DOVER, Del. - Tony Stewart made a late outside pass on Juan Pablo Montoya and held on Sunday at Dover International Speedway to snap a 30-race winless streak.
Stewart hadn't even had a top-five finish this season and was stuck in 20th in the points standings. He took the lead with the pass with three laps left in the 400-mile race.
Stewart hadn't won on the concrete mile track since he swept both Cup races in 2000.
"Our guys at our shop have been digging," Stewart said. "None of these guys get down. We have been down but they haven't gotten down. That is what carries you to days like today at the end of the day."
Seven-time Dover winner Jimmie Johnson appeared to have the car to beat, but jumped a restart and had to serve a pass-through penalty. Johnson argued over the radio and stayed on the track before he finally hit pit road.
With Johnson out of the picture, Montoya and Stewart battled for the lead the rest of the race.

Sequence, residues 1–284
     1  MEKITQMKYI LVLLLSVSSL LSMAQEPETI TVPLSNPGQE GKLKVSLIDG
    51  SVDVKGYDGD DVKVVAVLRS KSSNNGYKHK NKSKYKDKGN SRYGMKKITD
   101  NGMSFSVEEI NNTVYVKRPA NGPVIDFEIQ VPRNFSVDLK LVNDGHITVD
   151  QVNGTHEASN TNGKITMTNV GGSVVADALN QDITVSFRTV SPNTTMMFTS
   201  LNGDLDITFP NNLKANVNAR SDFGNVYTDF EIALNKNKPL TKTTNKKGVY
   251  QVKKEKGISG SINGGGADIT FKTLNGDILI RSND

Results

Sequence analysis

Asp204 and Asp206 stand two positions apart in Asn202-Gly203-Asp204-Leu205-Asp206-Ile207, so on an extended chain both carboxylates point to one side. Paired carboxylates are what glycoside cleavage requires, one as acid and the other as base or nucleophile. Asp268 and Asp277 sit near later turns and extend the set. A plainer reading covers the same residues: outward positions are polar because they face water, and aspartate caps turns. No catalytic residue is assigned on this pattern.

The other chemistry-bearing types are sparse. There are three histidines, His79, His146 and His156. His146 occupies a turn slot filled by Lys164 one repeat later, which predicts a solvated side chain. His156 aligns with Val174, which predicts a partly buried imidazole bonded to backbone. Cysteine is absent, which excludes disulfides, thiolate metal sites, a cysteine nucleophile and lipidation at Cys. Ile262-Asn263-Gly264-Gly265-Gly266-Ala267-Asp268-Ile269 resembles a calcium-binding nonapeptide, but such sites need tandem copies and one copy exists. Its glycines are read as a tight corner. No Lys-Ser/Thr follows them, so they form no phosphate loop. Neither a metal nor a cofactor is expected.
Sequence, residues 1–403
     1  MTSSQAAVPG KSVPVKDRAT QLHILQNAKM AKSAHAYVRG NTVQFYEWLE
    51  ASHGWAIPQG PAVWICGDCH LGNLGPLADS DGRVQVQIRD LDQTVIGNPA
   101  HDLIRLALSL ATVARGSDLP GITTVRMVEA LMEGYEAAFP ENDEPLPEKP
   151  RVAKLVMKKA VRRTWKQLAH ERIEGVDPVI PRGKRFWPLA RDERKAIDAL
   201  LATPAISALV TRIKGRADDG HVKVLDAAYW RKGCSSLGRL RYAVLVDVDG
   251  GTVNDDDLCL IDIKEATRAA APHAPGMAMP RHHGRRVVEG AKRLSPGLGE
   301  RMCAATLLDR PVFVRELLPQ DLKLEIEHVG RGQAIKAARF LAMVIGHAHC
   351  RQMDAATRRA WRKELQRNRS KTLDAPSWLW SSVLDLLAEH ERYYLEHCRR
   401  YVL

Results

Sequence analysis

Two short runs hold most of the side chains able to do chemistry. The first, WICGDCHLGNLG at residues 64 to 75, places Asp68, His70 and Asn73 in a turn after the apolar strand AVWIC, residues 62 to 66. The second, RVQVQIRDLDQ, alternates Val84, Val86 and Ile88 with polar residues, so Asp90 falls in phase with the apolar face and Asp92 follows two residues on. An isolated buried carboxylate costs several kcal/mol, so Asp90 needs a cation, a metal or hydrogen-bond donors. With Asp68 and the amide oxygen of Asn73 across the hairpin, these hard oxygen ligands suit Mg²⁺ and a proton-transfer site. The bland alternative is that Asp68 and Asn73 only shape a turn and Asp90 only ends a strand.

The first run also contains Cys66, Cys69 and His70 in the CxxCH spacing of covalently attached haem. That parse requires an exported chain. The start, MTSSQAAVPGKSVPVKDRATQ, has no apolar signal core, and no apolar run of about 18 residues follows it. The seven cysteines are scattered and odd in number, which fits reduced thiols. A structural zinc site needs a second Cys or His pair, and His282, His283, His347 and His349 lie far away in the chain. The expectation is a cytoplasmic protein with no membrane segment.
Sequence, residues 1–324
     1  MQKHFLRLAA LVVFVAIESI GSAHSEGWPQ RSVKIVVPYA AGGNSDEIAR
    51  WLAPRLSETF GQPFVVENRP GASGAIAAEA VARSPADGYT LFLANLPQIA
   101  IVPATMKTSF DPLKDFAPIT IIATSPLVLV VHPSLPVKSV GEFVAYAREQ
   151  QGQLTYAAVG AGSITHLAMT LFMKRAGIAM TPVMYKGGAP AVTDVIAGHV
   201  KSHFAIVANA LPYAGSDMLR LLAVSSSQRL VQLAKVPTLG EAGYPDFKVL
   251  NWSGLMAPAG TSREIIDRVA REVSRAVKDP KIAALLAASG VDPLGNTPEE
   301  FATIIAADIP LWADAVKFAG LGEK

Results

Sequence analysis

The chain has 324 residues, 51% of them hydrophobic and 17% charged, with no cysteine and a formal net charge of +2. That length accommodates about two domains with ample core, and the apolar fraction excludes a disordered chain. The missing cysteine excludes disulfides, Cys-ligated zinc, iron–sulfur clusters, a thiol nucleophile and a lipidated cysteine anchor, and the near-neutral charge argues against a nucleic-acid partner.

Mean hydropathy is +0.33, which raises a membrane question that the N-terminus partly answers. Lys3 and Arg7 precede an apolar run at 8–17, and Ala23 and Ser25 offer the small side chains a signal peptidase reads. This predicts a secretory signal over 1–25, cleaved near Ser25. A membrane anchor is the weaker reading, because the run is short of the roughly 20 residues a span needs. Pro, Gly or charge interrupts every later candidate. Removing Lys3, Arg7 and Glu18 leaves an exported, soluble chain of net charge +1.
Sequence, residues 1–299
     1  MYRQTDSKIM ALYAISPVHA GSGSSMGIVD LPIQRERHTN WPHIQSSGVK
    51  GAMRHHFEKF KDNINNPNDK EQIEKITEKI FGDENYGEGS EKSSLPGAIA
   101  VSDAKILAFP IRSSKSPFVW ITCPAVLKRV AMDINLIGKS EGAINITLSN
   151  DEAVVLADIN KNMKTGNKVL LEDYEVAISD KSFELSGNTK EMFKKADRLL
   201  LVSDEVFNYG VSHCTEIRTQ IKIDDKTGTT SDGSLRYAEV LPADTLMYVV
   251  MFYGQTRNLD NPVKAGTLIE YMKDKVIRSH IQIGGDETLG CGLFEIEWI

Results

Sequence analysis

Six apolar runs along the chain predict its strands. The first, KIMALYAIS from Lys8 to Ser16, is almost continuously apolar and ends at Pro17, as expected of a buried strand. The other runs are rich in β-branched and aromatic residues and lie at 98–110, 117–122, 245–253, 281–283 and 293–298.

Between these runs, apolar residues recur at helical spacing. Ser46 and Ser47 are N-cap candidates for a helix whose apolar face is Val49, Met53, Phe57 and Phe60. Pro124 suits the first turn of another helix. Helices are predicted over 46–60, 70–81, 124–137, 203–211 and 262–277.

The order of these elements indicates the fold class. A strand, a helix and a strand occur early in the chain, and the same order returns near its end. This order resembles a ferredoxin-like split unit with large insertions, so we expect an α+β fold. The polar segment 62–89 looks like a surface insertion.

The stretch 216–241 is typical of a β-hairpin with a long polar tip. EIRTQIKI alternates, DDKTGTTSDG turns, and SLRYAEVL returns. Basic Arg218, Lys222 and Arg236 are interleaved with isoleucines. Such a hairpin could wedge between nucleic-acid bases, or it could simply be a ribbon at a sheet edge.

Jeff Gordon was third, followed by Kyle Busch and Brad Keselowski. NASCAR said Keselowski failed post-race inspection because the entire front of his No. 2 Ford was too low.
Stewart's team erupted in celebration in the pits after winning for the first time since last July in Daytona. It was his 48th career win. He hadn't finished better than 20th in his last four races at Dover.
He might not have gotten this one had Johnson not been penalized with about 19 laps left. Johnson jumped ahead of Montoya out of the restart box and NASCAR quickly threw the black flag.
"We certainly had the winning car," Johnson said. "We'll have to come back and do it in the fall."
Montoya's only two career Cup victories came on road courses. He tried to play the spoiler after Johnson's penalty but just didn't have enough to hold off a hard-charging Stewart.
Johnson, who kept the points lead, finished 17th.
Pagenaud captures Detroit Grand Prix
DETROIT - Simon Pagenaud took advantage of a series of restarts, making moves each time to thrive in a crash-filled Detroit Grand Prix for his first IndyCar victory.
The Frenchman finished 5.6 seconds in front of James Jakes on Sunday in the second of two races on Belle Isle.
"Luckily enough, my reflexes are pretty sharp," Pagenaud said.
The reigning IndyCar Rookie of the Year hadn't finished better than second in 39 IndyCar and Champ Car races, a fact he thought about late in the race.
"Those last two laps were very emotional in the car, but I kept saying, 'Keep pushing,'" he recalled. "When I crossed the finish line, it was a sweet moment."